Curtis Sittenfeld Has Been Reading Alice Munro for 15 Years
The Author of You Think It, I’ll Say It on the Books in Her Life
Curtis Sittenfeld’s latest book, You Think It, I’ll Say It is available now from Random House.
What was the first book you fell in love with?
When I was about six, I was endlessly fascinated by a picture book version of the fairy tale The Twelve Dancing Princesses. The premise is that a king locks away his 12 daughters in a bedroom every night, yet every morning, they’re exhausted and their shoes are worn out. So where could they be going? Spoiler alert: A trap door in the bedroom leads to an enchanted underworld where they cross gold and silver forests and a sparkling lake to dance all night with princes. I loved, and still love, pretty much everything about this fairy tale: all those sisters! all those secrets! I’ve spent a lot of my life, and my own fiction, wondering whether the mundane daily world we usually experience is all there is or whether there are hidden layers and experiences and identities for all of us.
Name a classic you feel guilty about never having read.
So many people I respect love Middlemarch. And it’s even worse than my not having read it—I started it and didn’t get very far. If this mitigates the situation, I did read and love Rebecca Mead’s literary memoir My Life in Middlemarch.
What’s the book you reread the most?
I’m not a huge rereader because (see above) there are many books I haven’t yet read. But Alice Munro’s stories are so rich and complex that they merit rereading for me, and the story of hers I’ve read the most is probably “The Albanian Virgin” in the collection Open Secrets. Sometimes I reread her stories because the plots are complicated, and I read the first time to get a handle on the plot and the second time more to enjoy her insights about people. I also find that as I get older, it’s different to read a Munro story in my forties that I first read in my twenties. Even if I liked it 15 years ago, I now identify with her portrayals of motherhood or marriage in a much more visceral way.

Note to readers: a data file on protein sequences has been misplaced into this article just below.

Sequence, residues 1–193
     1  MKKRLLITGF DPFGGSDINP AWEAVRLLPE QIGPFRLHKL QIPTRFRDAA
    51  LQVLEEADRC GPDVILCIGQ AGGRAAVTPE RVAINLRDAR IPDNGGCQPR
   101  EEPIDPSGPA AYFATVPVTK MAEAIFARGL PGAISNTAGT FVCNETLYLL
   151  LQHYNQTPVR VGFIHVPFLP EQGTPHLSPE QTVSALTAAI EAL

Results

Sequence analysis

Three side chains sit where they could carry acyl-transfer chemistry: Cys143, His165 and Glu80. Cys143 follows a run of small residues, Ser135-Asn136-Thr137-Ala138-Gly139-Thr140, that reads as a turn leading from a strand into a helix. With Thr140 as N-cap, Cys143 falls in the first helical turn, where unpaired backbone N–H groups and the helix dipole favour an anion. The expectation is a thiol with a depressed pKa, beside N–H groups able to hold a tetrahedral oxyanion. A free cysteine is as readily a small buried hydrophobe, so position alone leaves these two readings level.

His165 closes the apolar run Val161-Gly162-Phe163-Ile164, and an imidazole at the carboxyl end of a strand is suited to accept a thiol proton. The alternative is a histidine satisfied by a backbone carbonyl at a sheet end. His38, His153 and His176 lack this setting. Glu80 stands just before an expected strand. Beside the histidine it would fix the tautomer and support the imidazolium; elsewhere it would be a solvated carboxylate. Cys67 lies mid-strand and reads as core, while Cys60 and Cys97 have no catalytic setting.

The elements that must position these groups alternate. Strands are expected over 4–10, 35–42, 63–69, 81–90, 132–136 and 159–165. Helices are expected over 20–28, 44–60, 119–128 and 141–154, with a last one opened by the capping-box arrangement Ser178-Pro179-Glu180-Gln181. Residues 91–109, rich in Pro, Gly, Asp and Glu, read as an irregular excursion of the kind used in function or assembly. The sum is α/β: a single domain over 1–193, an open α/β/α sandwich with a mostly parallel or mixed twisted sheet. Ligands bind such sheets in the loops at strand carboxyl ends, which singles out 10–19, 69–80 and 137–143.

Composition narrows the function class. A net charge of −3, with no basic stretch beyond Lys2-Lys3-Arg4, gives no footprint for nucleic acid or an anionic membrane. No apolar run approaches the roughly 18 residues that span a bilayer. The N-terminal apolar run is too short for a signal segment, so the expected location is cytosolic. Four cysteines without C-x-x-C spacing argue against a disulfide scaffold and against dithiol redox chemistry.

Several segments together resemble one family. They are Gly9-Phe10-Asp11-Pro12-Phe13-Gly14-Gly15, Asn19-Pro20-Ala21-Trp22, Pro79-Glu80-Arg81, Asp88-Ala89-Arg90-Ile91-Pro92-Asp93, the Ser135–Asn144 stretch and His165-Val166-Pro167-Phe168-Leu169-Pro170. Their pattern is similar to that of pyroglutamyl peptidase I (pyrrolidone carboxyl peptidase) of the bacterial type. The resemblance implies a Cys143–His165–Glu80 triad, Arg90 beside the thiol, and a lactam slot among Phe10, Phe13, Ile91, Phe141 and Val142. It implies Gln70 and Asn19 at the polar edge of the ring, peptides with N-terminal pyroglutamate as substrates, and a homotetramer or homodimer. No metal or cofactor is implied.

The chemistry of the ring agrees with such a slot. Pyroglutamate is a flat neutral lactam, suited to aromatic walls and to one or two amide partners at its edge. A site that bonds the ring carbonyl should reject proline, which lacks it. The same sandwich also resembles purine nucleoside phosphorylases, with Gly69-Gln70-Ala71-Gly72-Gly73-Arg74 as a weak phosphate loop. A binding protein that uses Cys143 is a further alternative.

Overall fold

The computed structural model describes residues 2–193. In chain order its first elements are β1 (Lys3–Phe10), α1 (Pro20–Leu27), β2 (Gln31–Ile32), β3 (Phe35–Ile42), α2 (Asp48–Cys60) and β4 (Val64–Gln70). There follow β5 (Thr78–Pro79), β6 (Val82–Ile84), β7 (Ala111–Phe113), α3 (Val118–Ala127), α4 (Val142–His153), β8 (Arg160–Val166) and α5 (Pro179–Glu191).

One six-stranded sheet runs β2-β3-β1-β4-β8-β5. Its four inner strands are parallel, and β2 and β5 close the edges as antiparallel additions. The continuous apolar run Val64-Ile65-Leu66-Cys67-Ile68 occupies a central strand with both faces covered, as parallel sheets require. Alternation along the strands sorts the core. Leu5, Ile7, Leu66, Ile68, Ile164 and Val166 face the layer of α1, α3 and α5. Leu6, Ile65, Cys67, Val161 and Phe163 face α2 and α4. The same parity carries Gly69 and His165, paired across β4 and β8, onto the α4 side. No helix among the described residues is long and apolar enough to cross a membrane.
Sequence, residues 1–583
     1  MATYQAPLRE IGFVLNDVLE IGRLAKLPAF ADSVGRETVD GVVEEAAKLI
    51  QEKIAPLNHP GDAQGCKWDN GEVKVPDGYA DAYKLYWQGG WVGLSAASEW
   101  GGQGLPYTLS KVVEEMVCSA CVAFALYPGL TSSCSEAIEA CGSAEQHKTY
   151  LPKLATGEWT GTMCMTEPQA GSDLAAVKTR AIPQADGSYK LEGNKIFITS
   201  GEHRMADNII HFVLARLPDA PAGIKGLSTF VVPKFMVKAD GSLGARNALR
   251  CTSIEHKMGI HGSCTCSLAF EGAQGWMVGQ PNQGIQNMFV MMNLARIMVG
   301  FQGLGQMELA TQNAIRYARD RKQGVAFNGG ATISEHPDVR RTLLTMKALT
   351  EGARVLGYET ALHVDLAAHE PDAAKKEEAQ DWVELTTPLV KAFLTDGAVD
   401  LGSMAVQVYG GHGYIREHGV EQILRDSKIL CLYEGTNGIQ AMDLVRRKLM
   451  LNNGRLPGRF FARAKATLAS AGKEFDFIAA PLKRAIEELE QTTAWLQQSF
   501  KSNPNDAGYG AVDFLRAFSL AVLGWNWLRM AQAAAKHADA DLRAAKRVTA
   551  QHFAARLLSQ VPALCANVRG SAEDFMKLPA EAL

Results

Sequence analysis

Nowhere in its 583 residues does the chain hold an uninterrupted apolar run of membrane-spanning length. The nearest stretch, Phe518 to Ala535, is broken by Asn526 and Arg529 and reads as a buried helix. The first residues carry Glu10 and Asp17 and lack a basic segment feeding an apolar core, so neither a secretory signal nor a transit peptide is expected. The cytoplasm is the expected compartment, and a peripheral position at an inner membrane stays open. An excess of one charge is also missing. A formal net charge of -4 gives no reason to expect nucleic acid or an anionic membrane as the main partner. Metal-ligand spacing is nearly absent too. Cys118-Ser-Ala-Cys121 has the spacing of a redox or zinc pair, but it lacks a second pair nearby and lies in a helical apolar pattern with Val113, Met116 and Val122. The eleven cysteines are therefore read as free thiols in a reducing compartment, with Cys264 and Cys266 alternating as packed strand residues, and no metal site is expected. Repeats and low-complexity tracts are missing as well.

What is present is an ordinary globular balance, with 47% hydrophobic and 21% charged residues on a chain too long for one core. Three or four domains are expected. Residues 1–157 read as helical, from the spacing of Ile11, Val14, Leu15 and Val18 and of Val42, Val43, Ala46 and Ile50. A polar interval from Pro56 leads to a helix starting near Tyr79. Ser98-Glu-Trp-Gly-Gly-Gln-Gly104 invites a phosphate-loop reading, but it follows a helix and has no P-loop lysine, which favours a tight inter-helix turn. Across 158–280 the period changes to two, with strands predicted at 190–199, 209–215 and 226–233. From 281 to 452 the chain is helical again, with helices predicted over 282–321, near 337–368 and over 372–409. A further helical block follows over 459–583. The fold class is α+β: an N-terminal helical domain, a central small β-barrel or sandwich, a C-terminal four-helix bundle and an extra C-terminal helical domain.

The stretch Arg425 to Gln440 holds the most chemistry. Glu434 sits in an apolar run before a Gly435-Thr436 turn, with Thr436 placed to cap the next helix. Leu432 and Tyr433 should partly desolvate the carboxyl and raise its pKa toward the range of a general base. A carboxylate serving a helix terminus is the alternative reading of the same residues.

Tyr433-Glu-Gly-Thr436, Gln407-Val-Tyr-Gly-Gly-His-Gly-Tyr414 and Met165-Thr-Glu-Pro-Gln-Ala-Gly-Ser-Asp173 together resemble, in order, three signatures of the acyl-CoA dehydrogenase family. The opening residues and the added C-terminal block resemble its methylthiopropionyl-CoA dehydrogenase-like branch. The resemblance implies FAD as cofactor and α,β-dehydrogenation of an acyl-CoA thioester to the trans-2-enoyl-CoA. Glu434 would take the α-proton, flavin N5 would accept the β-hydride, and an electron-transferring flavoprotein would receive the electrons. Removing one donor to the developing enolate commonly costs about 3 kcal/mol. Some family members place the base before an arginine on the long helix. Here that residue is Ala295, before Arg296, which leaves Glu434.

Is there a book you wish you had written?
I love Mohsin Hamid’s novels—The Reluctant Fundamentalist, How to Get Filthy Rich in Rising Asia, Exit West—because they’re so smart and funny and earthy and warm, AND I’m incredibly impressed by how tightly written they are. They’re all in the range of 200 pages. I aspire to write a novel that’s that short yet also feels like it’s exactly the length it should be instead of feeling incomplete. Similarly, I’ve been enjoying The New Yorker stories of Joseph O’Neill, which have that richness and aliveness even though they’re only about four magazine pages. How does someone do that?!
What’s the new book you’re most looking forward to?
As it happens, Joseph O’Neill has a story collection coming out in June called Good Trouble. I also learned recently that the British author Jessie Burton has written a YA retelling of The Twelve Dancing Princesses called The Restless Girls. I have a lot to look forward to, huh?